Katrina Stonoff

Stonehenge and Cake

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Photo by Kris Schulze on Pexels.com

Mars dreamt last night of Stonehenge. The moment he mentioned it, I could see it in my mind. I was there.

“Not that Stonehenge,” he said. “It was a miniature one.”

Click. The image in my mind switched to a really cool glass paperweight I bought at the real Stonehenge, with the image of the stones (maybe two millimeters high) laser cut from the middle of the glass.

“Maybe six inches high,” he added.

Click. Not that Stonehenge either. Now I was seeing a cake. Oh, but not just a cake. It was an Oreo Cookie Cake with Stonehenge built from cookies.

And just like that I was dreaming about cake.

For my 50th birthday, I threw myself a karaoke party. It was my tenth consecutive one, so it was a bit of a tradition by then.

But since it was a notable birthday, I added cake. Five different cakes, one for each decade. I know I made my semi-famous Double Lime Cake and a marzipan cake, both spectacular but a bit of work to create. I know I made a rather forgettable cake involving some sort of alcohol and fruit that sounded better than it tasted. I probably made some sort of chocolate cake for my daughter, and an oreo cookie cake (my father’s favorite).

My friend Amy helped me bake the cakes. She’s arguably the most talented writer and most original brain of anyone I’ve ever met, so I’m sure it was her idea to decorate the oreo cake with a miniature Stonehenge made from leftover cookie pieces.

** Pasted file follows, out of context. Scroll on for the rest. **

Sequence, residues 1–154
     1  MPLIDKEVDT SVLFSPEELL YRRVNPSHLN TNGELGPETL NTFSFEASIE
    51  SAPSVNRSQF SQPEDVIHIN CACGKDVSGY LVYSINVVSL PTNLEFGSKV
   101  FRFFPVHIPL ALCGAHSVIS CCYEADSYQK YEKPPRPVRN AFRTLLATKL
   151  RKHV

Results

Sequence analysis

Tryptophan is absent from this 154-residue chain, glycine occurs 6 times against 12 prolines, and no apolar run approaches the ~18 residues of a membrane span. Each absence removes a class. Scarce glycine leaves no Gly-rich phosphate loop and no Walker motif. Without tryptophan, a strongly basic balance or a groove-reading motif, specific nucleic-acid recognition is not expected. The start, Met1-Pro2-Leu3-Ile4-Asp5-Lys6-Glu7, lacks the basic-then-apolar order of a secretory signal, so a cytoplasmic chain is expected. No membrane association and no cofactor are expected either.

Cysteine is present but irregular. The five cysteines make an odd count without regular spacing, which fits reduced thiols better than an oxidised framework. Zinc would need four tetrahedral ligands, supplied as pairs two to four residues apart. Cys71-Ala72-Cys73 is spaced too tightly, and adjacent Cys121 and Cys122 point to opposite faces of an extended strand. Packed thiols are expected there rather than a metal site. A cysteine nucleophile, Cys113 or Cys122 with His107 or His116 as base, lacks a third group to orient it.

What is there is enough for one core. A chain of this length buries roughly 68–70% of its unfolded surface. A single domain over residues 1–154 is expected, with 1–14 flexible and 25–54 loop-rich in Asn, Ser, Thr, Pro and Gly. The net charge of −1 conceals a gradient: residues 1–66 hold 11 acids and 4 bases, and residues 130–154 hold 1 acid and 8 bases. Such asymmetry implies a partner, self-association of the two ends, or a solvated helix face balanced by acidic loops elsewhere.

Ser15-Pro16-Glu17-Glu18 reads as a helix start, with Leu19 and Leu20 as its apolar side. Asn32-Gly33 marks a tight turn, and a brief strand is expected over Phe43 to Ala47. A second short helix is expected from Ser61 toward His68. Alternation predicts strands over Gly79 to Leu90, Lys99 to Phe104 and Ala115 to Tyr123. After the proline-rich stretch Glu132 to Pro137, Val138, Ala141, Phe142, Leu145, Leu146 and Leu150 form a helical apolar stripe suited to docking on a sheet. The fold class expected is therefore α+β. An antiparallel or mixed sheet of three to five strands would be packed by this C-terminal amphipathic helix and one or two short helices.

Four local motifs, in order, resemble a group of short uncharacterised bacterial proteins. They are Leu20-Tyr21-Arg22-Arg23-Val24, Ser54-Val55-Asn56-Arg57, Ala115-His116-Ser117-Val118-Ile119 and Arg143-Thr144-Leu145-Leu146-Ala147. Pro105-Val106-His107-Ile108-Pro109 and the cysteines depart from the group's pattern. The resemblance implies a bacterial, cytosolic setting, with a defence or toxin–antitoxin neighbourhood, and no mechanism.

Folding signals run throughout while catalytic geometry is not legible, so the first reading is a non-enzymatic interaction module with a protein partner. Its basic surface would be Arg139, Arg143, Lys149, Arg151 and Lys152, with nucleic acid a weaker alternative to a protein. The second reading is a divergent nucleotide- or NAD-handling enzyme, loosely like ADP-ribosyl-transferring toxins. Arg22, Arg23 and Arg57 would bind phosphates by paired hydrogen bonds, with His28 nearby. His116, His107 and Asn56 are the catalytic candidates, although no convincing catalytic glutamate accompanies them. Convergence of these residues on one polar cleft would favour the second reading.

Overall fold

Next year, I will be turning sixty, and having set a precedent, I clearly need to make six cakes for my traditional karaoke party. But I think next year, I’ll actually choose cakes that were significant in a particular decade.

For ages birth to ten, I’m not sure. The cake that seems most iconic from the era is Mom’s German chocolate cake, but I don’t actually like German Chocolate Cake that much. I’m leaning toward Mom’s soggy banana cake, but I’m not sure if it’s in her cookbook. Or maybe my sisters can think of a different cake from our childhood.

My teenage years are obvious: Coca-Cola Cake. It was the first cake I learned to make, and I’ve made hundreds of them. It’s a never-fail chocolate cake that is moist and packed with pecans. Yum.

The decade of twenties is also easy: marzipan cake. The recipe came from one of those little monthly Pillsbury cookbooks you could buy in the grocery store. I’ve only made it a few times because it’s a pain in the neck to make: it has an almond-flavored custard in the middle, and instead of frosting, it’s covered with a sheet of marzipan rolled out like pie crust. But it’s soooo good.

Thirties: hmmm, I’m not sure. I can’t think of one offhand, but Mom and I put together her cookbook in my late 30s. So once I get the cookbooks unpacked, I may find a recipe in there that makes me go Aha!

Forties: no question. My Double Lime cake. I was in my 40s when created this cake with a lime curd filling and lime glaze.

Fifties: hmmm. I’ve no idea. I haven’t made a lot of cake in this decade, at least not since the five I made for my birthday. I’ll have to think about this one. And heck, I still have a year to create or discover some amazing cakes. Come to think of it, I pinned a Paris Brest Christmas Cake last year or the year before (year before that?). I bought all the ingredients but never made it. Maybe this year?

Six super yummy, fancy cakes and a big party? That might be worth turning sixty for.

Now I just have to make lots of friends, so I’ll have people to invite.